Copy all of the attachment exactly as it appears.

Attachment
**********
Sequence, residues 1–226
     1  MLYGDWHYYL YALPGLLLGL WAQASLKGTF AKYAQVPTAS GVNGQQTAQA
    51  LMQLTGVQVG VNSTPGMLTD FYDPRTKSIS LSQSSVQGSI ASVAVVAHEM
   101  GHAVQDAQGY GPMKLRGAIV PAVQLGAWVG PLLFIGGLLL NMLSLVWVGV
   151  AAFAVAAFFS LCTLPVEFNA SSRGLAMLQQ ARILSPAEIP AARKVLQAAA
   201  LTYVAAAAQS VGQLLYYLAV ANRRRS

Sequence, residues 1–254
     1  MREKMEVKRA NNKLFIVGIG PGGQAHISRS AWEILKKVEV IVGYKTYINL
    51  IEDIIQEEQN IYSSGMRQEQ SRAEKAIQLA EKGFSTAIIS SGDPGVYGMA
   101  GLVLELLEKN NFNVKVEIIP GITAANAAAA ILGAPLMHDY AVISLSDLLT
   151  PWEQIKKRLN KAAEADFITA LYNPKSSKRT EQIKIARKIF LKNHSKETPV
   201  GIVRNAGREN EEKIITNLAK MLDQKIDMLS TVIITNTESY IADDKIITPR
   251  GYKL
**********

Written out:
Sequence, residues 1–226
     1  MLYGDWHYYL YALPGLLLGL WAQASLKGTF AKYAQVPTAS GVNGQQTAQA
    51  LMQLTGVQVG VNSTPGMLTD FYDPRTKSIS LSQSSVQGSI ASVAVVAHEM
   101  GHAVQDAQGY GPMKLRGAIV PAVQLGAWVG PLLFIGGLLL NMLSLVWVGV
   151  AAFAVAAFFS LCTLPVEFNA SSRGLAMLQQ ARILSPAEIP AARKVLQAAA
   201  LTYVAAAAQS VGQLLYYLAV ANRRRS

Sequence, residues 1–254
     1  MREKMEVKRA NNKLFIVGIG PGGQAHISRS AWEILKKVEV IVGYKTYINL
    51  IEDIIQEEQN IYSSGMRQEQ SRAEKAIQLA EKGFSTAIIS SGDPGVYGMA
   101  GLVLELLEKN NFNVKVEIIP GITAANAAAA ILGAPLMHDY AVISLSDLLT
   151  PWEQIKKRLN KAAEADFITA LYNPKSSKRT EQIKIARKIF LKNHSKETPV
   201  GIVRNAGREN EEKIITNLAK MLDQKIDMLS TVIITNTESY IADDKIITPR
   251  GYKL